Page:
Coronavirus (COVID-19) Information for the SBCC Community
How SBCC is Responding
Santa Barbara City College is coordinating with our County Department of Public Health to provide ongoing information and guidance. SBCC has Pandemic protocols in our Emergency Operations Plan. A team at the College meets regularly to review, update and implement protocols to respond to any impacts relating to COVID-19 (Coronavirus).
We are continuing to monitor this evolving situation. This webpage has been set up to provide ongoing updates to our Campus Community. Please click below for the latest campus updates. At this time, all instruction has been moved online.
SBCC COVID-19 Information
Latest Campus Updates
Status of Campus Operations and Services
Public Health Resources
Santa Barbara County Public Health has also launched an information hotline to answer questions the community may have about the Coronavirus.
The phone number is 805-681-4373.
Callers will reach a recorded message, and they have the option to listen in either English or Spanish.
The recorded message covers general information on the Coronavirus, including the current status of the outbreak, as well as symptoms to look out for.
What do I do if I feel sick?
If you are a student, we advise that you call the SBCC Student Health Center before coming in. Students DO NOT need an excuse note from Student Health & Wellness or any other medical provider if they need to be absent from class.
Phone Number: (805) 965-0581 x 2298
Employees who are ill with respiratory symptoms such as fever or cough should stay home.
What can I do to prevent getting sick?
There is currently no vaccine to prevent Coronavirus (COVID-19). The best way to prevent illness is to avoid being exposed to this virus. However, as a reminder, the CDC always recommends everyday preventive actions to help prevent the spread of respiratory diseases, including:
- Avoid close contact with people who are sick.
- Avoid touching your eyes, nose, and mouth.
- Stay home when you are sick.
- Cover your cough or sneeze with a tissue, then throw the tissue in the trash.
- Clean and disinfect frequently touched objects and surfaces using a regular household cleaning spray or wipe.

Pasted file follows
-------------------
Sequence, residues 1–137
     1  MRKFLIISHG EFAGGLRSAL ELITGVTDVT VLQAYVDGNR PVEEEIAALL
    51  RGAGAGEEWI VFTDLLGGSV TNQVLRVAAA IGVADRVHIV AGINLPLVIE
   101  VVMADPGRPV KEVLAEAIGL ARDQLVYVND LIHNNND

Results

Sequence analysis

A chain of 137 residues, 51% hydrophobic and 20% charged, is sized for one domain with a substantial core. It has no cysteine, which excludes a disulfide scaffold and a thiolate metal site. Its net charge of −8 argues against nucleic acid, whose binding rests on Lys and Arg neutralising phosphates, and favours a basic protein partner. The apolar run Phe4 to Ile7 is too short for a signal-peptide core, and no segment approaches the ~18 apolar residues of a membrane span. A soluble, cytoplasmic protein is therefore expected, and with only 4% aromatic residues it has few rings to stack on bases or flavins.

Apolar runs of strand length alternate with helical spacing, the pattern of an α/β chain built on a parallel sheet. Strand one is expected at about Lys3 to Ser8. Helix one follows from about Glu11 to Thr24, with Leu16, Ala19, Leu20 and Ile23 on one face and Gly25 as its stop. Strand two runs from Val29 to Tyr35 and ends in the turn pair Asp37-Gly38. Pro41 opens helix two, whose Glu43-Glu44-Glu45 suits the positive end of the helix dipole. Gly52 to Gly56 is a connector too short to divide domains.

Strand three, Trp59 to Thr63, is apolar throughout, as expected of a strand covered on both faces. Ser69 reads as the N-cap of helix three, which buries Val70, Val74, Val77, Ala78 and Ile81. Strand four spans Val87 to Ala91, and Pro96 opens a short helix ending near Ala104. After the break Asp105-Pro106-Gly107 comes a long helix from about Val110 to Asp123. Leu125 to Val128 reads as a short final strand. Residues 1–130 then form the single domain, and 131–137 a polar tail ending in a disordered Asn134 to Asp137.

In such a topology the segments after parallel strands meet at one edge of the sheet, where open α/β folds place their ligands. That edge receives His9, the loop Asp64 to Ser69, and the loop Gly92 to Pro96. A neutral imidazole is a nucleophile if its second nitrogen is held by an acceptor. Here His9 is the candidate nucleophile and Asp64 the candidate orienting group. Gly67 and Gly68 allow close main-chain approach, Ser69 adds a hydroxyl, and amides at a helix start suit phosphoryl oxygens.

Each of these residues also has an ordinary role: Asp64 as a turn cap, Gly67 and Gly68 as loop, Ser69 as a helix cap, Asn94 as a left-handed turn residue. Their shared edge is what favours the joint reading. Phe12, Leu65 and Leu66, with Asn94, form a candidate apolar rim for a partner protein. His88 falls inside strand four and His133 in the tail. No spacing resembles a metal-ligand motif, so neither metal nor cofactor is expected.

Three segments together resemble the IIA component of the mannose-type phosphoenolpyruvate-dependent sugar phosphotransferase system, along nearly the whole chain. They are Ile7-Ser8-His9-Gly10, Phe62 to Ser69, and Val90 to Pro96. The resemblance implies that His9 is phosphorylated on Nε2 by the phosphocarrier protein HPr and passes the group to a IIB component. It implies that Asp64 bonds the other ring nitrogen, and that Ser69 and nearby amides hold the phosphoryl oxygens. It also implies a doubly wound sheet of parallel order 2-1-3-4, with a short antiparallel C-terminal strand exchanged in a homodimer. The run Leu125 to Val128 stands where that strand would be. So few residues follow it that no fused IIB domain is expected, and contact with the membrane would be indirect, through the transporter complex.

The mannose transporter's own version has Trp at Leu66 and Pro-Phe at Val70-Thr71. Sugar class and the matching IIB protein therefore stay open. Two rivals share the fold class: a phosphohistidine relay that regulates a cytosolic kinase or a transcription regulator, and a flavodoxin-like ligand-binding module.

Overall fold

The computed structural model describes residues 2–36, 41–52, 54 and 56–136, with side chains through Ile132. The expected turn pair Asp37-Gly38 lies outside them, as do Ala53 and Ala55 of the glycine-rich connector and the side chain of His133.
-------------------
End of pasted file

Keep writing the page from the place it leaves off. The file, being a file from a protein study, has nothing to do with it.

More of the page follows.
- Wash your hands often with soap and water for at least 20 seconds, especially after going to the bathroom; before eating; and after blowing your nose, coughing, or sneezing.
- If soap and water are not readily available, use an alcohol-based hand sanitizer with at least 60% alcohol. Always wash hands with soap and water if hands are visibly dirty.
For information about handwashing, see CDC’s Handwashing website
What about face masks?
- CDC recommends wearing cloth face coverings in public settings where other social distancing measures
are difficult to maintain (e.g., grocery stores and pharmacies), especially in areas of significant community-based transmission.
- CDC also advises the use of simple cloth face coverings to slow the spread of the
virus and help people who may have the virus and do not know it from transmitting
it to others. Cloth face coverings fashioned from household items or made at home
from common materials at low cost can be used as an additional, voluntary public health
- Cloth face coverings should not be placed on young children under age 2, anyone who
has trouble breathing, or is unconscious, incapacitated or otherwise unable to remove
the mask without assistance.
- The cloth face coverings recommended are not surgical masks or N-95 respirators. Those are critical supplies that must continue to be reserved for healthcare workers and other medical first responders, as recommended by current CDC guidance.